Ride the On-Ramp to OASIS

GSA to add On-Ramps to OASIS unrestricted pools

On May 9, GSA announced plans to add vendors to two underused OASIS pools: pool two for financial services, and pool six for aircraft R&D.

OASIS, a set of 10-year government wide multiple-award-contracts, totals $60 billion for knowledge-based services such as management and consulting services. GSA plans to make 15 contract awards for pool two, and two contract awards for pool six. A final RFP should be released by May 31, after which vendors will have 30 days to submit proposals.

Since fiscal year 2015, most contract holders on most pools haven’t won many orders. GSA is currently focusing on the pools with the lowest spending levels. Contractors considering a bid should assess themselves against the self-scoring evaluation in the original solicitation. There are currently no minimum scores for the pools on the table.

 

Final Rule released for Common Commercial Terms

GSA Final Rule Defines Common Commercial Terms

On February 22, GSA issued a Final Rule addressing common terms that are inconsistent with Federal Law. The rule aims to streamline agreements over CSAs, EULAs, Terms of Sale, and similar sets of terms and conditions. The rule reverses several controversial provisions from an earlier Proposed Rule and class deviation by reverting the order of precedence and eliminating the requirement to provide full text of all provisions.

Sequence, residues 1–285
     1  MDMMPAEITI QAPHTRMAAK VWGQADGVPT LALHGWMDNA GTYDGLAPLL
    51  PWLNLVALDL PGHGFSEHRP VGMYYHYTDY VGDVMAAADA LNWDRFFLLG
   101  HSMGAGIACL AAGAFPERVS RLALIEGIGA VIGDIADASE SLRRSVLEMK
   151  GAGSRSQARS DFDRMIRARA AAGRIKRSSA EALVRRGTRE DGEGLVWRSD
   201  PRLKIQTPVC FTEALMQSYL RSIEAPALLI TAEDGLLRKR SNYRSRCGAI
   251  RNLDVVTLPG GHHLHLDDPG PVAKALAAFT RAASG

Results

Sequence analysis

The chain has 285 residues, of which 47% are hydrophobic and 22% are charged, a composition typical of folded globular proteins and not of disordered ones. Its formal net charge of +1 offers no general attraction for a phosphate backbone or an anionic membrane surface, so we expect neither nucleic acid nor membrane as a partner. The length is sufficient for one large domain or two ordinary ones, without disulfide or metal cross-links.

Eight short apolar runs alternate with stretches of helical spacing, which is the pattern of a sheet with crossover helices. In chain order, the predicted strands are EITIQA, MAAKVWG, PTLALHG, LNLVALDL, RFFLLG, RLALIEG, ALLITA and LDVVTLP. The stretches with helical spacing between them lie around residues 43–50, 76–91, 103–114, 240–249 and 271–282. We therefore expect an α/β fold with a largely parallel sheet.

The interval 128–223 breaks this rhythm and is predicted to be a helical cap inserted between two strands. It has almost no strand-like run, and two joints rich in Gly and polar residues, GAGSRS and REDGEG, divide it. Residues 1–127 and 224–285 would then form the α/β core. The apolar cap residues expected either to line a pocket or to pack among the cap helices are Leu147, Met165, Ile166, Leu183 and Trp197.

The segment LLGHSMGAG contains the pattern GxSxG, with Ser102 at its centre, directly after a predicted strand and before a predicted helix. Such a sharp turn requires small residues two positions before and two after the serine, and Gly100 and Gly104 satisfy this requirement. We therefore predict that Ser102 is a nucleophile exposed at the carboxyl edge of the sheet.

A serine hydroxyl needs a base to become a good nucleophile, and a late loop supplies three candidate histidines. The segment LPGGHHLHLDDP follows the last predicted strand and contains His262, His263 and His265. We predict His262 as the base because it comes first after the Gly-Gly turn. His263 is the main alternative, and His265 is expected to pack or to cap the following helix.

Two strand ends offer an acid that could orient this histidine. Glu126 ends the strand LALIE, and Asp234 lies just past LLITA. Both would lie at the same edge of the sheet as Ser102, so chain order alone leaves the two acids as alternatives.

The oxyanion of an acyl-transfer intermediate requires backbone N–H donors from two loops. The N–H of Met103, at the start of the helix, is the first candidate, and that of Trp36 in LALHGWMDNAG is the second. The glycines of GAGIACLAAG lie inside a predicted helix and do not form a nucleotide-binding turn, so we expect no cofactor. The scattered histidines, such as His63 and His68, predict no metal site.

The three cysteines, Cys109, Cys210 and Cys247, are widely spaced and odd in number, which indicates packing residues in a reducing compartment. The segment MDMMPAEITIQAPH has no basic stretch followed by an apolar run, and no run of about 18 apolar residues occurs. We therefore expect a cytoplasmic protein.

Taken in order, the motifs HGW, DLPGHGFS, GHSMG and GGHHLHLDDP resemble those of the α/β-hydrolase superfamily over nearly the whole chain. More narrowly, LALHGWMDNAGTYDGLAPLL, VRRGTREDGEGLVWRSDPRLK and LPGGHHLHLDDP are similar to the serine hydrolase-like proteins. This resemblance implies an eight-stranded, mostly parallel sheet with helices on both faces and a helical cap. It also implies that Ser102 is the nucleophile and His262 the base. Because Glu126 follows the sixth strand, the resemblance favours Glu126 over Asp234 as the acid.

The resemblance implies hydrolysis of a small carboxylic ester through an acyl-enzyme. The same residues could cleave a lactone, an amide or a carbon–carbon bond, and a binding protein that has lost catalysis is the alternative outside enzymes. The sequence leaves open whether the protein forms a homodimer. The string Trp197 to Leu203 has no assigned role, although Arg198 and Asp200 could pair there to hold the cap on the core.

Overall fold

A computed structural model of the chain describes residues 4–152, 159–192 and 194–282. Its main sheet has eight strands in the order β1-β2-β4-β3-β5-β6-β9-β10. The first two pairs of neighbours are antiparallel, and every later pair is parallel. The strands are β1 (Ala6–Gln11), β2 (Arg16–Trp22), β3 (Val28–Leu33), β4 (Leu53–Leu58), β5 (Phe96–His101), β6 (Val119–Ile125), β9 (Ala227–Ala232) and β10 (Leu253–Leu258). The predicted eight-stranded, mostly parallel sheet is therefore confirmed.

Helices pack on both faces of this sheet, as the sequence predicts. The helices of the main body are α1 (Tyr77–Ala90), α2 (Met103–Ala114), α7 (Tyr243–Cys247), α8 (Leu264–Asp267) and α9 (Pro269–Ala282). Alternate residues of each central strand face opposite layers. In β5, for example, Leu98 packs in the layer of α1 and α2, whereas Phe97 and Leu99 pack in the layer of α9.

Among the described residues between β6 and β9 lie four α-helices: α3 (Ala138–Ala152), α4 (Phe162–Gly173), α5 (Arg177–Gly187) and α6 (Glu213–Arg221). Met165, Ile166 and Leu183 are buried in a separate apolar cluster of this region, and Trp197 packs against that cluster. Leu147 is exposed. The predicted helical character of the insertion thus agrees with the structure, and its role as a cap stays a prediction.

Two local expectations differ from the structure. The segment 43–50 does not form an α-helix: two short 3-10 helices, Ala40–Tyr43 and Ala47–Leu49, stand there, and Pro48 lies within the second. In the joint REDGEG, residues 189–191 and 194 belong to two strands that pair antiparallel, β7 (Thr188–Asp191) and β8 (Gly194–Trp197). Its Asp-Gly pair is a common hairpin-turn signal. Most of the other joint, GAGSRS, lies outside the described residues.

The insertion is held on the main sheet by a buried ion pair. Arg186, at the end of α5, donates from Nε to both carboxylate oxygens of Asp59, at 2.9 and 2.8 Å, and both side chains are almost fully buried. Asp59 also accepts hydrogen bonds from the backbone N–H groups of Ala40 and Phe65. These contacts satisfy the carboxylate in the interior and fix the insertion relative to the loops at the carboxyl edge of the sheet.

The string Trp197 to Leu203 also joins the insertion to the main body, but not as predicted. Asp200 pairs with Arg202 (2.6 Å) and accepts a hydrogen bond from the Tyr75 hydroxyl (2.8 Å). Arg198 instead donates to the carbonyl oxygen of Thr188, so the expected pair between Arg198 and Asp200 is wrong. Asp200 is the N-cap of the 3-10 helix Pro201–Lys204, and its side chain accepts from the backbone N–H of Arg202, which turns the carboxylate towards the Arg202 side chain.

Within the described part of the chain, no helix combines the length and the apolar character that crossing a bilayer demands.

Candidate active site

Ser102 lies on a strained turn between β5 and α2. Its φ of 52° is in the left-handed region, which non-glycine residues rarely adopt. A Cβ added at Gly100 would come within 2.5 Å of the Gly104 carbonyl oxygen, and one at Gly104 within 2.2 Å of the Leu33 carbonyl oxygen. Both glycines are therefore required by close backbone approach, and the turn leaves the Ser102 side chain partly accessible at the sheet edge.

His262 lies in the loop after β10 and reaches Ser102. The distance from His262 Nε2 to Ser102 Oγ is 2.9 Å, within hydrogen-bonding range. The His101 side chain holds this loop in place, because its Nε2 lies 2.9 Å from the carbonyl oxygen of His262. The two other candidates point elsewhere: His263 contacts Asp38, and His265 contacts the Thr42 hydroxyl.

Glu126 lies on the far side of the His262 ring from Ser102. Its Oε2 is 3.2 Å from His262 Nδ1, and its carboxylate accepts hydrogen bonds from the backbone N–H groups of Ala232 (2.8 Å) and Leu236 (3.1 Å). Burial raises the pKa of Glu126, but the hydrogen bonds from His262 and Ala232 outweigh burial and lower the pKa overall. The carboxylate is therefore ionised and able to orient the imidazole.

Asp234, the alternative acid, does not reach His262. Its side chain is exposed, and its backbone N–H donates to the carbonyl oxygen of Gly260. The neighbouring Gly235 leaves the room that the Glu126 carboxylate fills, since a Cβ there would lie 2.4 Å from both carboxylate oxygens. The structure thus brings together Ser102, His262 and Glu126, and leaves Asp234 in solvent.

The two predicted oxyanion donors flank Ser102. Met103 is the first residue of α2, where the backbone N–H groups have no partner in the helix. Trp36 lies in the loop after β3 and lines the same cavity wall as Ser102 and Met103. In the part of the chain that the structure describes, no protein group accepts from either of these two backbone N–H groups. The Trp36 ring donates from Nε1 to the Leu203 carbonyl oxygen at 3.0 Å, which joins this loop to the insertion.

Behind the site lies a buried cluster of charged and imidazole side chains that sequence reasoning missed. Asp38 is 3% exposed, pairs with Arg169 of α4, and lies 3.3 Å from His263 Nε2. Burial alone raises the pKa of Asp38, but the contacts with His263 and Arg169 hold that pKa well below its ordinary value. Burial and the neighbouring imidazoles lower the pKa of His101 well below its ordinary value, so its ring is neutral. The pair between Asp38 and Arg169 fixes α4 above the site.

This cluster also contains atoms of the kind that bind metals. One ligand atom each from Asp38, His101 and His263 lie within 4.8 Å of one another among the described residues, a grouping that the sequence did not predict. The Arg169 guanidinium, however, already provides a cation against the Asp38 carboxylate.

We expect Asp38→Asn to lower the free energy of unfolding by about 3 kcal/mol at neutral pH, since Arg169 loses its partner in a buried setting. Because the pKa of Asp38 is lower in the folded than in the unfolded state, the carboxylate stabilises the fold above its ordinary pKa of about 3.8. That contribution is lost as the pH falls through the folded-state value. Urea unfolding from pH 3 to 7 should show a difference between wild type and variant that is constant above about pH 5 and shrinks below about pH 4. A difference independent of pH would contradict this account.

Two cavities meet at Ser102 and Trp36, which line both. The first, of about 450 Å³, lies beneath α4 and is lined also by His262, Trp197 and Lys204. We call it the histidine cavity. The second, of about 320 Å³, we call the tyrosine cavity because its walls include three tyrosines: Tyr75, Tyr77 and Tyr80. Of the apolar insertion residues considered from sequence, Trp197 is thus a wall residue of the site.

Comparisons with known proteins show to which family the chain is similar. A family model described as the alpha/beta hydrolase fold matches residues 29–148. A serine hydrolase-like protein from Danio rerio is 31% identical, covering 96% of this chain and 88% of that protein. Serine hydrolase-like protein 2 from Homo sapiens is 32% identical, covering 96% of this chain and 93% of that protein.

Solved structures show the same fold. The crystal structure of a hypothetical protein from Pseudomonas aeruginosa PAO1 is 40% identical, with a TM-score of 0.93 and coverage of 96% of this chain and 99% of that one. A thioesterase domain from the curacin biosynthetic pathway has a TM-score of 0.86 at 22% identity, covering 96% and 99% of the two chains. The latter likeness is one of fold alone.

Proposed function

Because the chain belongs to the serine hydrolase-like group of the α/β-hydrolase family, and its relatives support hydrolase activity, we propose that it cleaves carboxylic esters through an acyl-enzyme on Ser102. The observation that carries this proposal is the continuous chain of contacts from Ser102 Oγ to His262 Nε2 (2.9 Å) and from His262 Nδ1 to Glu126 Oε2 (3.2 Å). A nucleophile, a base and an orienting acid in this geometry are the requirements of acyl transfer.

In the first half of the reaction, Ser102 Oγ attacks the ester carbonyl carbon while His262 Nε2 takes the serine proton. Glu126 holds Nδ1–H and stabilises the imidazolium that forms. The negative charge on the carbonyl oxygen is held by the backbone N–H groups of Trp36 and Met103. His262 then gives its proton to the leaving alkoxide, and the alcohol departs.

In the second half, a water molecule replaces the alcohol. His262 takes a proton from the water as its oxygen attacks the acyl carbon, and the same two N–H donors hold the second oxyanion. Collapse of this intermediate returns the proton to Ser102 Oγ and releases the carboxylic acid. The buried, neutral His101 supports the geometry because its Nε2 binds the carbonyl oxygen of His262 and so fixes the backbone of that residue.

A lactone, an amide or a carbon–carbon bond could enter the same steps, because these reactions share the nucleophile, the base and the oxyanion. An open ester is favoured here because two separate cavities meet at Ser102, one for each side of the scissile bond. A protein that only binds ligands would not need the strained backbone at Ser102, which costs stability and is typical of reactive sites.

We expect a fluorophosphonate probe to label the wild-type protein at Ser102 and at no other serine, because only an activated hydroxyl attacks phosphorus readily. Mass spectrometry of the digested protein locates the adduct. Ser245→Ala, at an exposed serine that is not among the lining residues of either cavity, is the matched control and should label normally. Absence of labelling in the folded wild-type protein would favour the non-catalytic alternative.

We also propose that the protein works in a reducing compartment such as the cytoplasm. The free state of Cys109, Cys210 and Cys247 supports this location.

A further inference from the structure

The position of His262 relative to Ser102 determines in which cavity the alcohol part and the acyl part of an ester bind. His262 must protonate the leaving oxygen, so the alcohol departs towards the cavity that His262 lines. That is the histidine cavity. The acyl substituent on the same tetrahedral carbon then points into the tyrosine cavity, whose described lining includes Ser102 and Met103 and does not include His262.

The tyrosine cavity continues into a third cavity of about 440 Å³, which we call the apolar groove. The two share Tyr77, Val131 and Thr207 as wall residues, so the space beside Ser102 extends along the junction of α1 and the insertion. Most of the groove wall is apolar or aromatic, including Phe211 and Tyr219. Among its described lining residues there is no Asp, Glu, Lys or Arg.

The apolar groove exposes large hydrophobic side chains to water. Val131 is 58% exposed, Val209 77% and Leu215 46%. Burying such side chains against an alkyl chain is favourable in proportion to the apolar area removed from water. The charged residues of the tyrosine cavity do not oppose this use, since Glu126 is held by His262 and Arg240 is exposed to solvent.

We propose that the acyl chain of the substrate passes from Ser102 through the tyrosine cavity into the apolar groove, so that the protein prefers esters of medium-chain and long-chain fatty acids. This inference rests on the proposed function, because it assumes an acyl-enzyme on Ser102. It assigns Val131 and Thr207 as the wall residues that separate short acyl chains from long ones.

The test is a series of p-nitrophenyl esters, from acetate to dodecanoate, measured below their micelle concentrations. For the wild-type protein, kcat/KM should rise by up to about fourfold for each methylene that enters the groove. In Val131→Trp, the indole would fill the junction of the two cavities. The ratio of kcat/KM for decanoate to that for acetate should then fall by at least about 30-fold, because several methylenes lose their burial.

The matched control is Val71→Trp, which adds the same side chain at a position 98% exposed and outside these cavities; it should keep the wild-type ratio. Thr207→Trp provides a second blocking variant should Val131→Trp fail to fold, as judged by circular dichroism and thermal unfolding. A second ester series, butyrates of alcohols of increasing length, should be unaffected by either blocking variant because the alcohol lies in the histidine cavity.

The rule also formalizes the longstanding stance that certain terms and conditions cannot be enforced by law via a paragraph addition to GSAR 552.212-4. The paragraph identifies 15 common commercial terms, which are viewed as non-negotiable and required by federal law. It prohibits automatic  renewals, and provides that disputes are governed by federal law. The change allows GSA to ignore these clauses during negotiations, thereby reducing time and expenses. Among the included terms are:

  • commercial supplier agreements
  • unenforceability of unauthorized obligations